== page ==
In contrast, Picasso wasn’t mentally ill but he was a misogynist. She dislikes cubism, and furthermore, she doesn’t believe you can ‘separate the man from the art’. Yet, cubism was a game-changer – shifting perspective in art from a single, stable world-view and bringing in many perspectives at once. But none of those perspectives were a woman’s. While married, he slept with a seventeen year old girl, without regard for her future or reputation. Hannah argues that our obsession with reputation – especially the reputations of men – needs to first be acknowledged, and then dealt with. We think men’s reputations are more important than anything else, including their humanity.

After describing some of the horrific experiences that she had abbreviated and used her in comedy show in the past, Hannah said:

I am not a victim. I tell you this because my story has value. My story has value. I tell you this because I want you to know, I need you to know what I know – that to be rendered powerless does not destroy your resilience. Your resilience is your humanity. The only people who lose their humanity are those who believe they have the right to render others powerless. They are the weak. To yield and not break – that is incredible strength.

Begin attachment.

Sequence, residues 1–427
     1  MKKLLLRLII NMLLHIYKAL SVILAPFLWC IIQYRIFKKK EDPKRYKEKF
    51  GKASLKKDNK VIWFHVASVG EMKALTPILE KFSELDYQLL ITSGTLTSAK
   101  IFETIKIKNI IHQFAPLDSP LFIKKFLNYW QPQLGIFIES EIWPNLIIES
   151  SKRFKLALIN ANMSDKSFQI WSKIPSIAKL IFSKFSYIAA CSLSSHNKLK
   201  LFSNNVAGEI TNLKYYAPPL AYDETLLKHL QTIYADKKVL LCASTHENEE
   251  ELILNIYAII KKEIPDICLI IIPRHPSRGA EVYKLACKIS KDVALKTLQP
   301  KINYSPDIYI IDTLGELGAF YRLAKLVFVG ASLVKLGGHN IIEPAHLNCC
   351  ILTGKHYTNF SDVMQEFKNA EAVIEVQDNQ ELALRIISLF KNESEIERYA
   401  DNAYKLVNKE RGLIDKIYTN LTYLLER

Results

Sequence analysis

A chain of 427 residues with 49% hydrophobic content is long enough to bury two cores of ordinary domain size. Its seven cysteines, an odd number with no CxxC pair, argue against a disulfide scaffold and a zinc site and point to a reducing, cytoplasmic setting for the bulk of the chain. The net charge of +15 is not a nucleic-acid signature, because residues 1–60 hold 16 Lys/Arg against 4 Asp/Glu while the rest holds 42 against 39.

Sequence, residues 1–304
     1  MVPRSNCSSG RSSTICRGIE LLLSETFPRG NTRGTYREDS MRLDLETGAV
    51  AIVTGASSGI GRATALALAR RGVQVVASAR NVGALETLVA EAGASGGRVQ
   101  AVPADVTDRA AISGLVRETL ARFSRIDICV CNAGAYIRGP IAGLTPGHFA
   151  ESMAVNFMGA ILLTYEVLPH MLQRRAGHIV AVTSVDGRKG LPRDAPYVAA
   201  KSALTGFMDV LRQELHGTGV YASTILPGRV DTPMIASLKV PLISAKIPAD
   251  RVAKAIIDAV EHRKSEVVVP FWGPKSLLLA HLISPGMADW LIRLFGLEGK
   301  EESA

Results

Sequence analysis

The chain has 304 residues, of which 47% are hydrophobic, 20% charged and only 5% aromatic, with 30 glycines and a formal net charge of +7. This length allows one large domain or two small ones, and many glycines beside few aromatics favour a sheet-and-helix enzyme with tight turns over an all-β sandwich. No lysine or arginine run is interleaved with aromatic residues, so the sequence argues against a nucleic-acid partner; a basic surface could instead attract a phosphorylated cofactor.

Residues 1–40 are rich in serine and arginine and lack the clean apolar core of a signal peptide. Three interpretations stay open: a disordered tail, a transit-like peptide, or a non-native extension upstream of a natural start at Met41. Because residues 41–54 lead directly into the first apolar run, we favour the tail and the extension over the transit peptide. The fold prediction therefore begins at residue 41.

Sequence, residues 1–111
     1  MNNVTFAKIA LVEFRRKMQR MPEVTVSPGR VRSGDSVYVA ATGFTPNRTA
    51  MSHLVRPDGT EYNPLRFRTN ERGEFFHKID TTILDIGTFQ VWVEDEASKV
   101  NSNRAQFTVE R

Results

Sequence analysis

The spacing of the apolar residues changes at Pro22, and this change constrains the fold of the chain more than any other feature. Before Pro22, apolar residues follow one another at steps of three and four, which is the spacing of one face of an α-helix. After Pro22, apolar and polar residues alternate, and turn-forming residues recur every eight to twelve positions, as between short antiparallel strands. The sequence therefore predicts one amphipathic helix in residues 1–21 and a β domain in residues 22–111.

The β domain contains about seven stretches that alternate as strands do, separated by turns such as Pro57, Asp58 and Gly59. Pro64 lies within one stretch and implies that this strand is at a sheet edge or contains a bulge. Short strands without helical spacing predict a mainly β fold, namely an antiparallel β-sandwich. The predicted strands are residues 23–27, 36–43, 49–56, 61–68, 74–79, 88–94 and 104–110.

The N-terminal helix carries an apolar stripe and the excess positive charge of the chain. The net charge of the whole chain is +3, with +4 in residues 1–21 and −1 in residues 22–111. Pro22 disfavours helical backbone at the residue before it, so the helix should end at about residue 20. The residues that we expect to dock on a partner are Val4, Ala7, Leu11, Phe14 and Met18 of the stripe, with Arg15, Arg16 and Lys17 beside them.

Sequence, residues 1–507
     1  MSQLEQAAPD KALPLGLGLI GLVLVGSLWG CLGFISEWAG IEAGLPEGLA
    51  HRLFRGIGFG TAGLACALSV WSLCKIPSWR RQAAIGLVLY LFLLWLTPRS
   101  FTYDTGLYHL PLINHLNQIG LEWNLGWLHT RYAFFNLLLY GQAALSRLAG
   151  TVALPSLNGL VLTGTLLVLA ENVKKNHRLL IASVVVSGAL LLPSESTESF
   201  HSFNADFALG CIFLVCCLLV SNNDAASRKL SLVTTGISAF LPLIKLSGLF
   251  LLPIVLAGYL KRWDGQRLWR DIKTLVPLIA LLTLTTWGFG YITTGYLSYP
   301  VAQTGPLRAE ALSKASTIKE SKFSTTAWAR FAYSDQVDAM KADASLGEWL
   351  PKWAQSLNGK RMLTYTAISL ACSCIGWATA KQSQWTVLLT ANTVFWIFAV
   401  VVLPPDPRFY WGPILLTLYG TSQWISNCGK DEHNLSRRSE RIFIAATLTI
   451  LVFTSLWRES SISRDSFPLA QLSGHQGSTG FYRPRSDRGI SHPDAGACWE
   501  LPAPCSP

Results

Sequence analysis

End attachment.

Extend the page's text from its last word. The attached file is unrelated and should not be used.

… I will not allow my story to be destroyed. What I would have done to have heard a story like mine. Not for shame, not reputation, not for money, not for power – but to feel connected. I want my story heard because, ironically, I believe Picasso was right. We could paint a better world if we learned how to see it from all perspectives, as many perspectives as we could. Because diversity is strength, difference is a teacher. Fear difference, you learn nothing.

At the end of her show, Hannah talks about Vincent van Gogh, and the real reason he was able to produce his art. It was brother who loved him. What if we changed the narrative? Through all his pain he had a tether, a connection to the world. That is the focus of the story we need – human connection.

As we prepare our Ally Week celebrations, I would ask each and every person to consider what they are doing to ensure they see the world from multiple perspectives. Perhaps you can be that tether for one person who is ashamed, afraid, or otherwise vulnerable. Only in that way – when we embrace the humanity and complexity in each other – can we truly be connected and thrive.